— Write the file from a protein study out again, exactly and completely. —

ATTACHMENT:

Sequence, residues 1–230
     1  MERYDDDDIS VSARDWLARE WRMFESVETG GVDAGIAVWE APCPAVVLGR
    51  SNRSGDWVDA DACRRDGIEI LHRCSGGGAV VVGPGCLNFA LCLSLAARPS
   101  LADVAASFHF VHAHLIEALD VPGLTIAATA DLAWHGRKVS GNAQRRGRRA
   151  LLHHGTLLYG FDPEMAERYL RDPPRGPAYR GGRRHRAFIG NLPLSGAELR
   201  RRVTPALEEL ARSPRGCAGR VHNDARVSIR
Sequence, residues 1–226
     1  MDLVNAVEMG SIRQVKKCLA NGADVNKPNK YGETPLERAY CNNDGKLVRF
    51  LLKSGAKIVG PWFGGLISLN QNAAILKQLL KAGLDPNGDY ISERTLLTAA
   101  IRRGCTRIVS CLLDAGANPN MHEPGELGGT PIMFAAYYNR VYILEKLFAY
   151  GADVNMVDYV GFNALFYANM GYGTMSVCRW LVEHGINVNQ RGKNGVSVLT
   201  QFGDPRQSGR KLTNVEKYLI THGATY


Sequence, residues 1–230
     1  MERYDDDDIS VSARDWLARE WRMFESVETG GVDAGIAVWE APCPAVVLGR
    51  SNRSGDWVDA DACRRDGIEI LHRCSGGGAV VVGPGCLNFA LCLSLAARPS
   101  LADVAASFHF VHAHLIEALD VPGLTIAATA DLAWHGRKVS GNAQRRGRRA
   151  LLHHGTLLYG FDPEMAERYL RDPPRGPAYR GGRRHRAFIG NLPLSGAELR
   201  RRVTPALEEL ARSPRGCAGR VHNDARVSIR
Sequence, residues 1–226
     1  MDLVNAVEMG SIRQVKKCLA NGADVNKPNK YGETPLERAY CNNDGKLVRF
    51  LLKSGAKIVG PWFGGLISLN QNAAILKQLL KAGLDPNGDY ISERTLLTAA
   101  IRRGCTRIVS CLLDAGANPN MHEPGELGGT PIMFAAYYNR VYILEKLFAY
   151  GADVNMVDYV GFNALFYANM GYGTMSVCRW LVEHGINVNQ RGKNGVSVLT
   201  QFGDPRQSGR KLTNVEKYLI THGATY